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Client Alert: U.S. DOL Withdraws Federal Independent Contractor Rule

Effective today, May 6, 2021, the U.S. Department of Labor (DOL) has withdrawn a final rule published in January 2021 that would have made it easier for businesses to classify workers as independent contractors under federal wage and hour law.

By way of background, prior to the now-withdrawn January 2021 rule, the DOL considered the following six factors, known as “economic realities” factors, to determine whether a worker was an independent contractor or an employee under the federal Fair Labor Standards Act (FLSA):

  1. the degree of control exercised by the alleged employer over the worker;
  2. the extent of the relative investments of the employer and the worker in the company’s facilities and equipment;
  3. the degree to which a worker’s opportunity for profit and loss is determined by the employer;
  4. the skill, initiative, and judgment required in performing the job;
  5. the extent to which the work is an integral part of the employer’s business; and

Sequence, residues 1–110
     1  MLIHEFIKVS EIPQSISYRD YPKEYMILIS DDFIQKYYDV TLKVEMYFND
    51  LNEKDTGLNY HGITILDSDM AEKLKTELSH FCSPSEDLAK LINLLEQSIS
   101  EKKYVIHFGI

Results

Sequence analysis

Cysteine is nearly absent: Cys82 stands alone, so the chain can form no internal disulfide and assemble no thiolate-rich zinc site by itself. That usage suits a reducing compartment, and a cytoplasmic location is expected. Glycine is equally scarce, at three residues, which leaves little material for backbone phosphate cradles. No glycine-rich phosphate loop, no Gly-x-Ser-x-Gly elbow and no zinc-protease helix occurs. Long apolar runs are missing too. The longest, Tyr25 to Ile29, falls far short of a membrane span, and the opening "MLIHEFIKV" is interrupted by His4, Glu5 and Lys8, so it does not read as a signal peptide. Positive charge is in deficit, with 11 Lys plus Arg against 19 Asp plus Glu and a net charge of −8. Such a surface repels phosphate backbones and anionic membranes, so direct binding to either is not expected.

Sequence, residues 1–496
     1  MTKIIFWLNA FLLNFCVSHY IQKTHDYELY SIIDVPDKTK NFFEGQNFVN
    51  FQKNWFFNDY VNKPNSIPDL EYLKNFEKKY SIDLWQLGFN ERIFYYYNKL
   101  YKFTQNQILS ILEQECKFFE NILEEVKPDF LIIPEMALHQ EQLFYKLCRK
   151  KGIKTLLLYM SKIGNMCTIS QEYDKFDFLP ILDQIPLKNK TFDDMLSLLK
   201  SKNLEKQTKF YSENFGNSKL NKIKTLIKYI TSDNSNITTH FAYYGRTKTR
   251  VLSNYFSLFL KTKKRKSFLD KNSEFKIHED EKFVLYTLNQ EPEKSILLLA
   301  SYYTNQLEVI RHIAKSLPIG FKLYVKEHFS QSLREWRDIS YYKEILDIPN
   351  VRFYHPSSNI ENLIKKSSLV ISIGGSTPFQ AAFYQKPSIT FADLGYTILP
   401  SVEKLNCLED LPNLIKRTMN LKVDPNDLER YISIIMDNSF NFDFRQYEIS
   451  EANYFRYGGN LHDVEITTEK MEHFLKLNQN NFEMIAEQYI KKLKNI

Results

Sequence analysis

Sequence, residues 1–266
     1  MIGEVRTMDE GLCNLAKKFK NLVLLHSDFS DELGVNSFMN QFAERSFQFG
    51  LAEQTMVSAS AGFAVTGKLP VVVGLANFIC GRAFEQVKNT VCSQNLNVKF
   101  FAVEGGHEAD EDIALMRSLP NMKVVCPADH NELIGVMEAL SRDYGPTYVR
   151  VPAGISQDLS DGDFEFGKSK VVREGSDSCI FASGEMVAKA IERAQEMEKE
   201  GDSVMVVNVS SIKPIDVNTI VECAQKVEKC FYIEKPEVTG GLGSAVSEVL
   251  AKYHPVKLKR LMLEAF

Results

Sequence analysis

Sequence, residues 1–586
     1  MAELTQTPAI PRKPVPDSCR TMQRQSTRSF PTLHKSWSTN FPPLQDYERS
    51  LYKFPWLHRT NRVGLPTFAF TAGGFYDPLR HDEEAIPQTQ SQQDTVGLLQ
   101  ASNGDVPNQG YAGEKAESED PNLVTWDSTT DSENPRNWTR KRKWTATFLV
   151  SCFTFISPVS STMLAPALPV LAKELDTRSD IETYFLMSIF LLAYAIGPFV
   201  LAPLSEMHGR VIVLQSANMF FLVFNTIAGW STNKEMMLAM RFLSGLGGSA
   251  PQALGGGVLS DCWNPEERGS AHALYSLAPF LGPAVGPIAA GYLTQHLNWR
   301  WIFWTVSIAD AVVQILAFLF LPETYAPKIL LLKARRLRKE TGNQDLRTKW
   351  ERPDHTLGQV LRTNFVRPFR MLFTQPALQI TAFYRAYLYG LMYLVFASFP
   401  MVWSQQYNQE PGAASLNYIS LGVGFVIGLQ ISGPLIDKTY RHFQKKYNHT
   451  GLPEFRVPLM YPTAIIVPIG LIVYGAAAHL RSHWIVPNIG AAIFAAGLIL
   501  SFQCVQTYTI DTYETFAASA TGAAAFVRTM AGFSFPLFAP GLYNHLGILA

6. the permanency and duration of the relationship.

The now-withdrawn January 2021 rule attempted to narrow and streamline the old test by focusing the analysis on two “core” factors and three other “guidepost” factors.  As of May 6, 2021, the January 2021 test no longer applies.  The old six-factor “economic realities” test set forth above is now back in force, and will continue to apply unless and until the DOL or Congress creates a new independent contractor rule.

Employers should be advised that DOL’s withdrawal of the January 2021 rule has no effect on any independent contractor tests established by state (as opposed to federal) wage and hour law.  For example, the more stringent “A-B-C” independent contractor test required under Massachusetts state law remains in force.  Under Massachusetts law, a business who wants to treat a worker as an independent contractor rather than an employee still must show that the work:

  1. is done without the direction and control of the employer;
  2. is performed outside the usual course of the employer’s business; and
  3. is done by someone who has their own, independent business or trade doing that kind of work.
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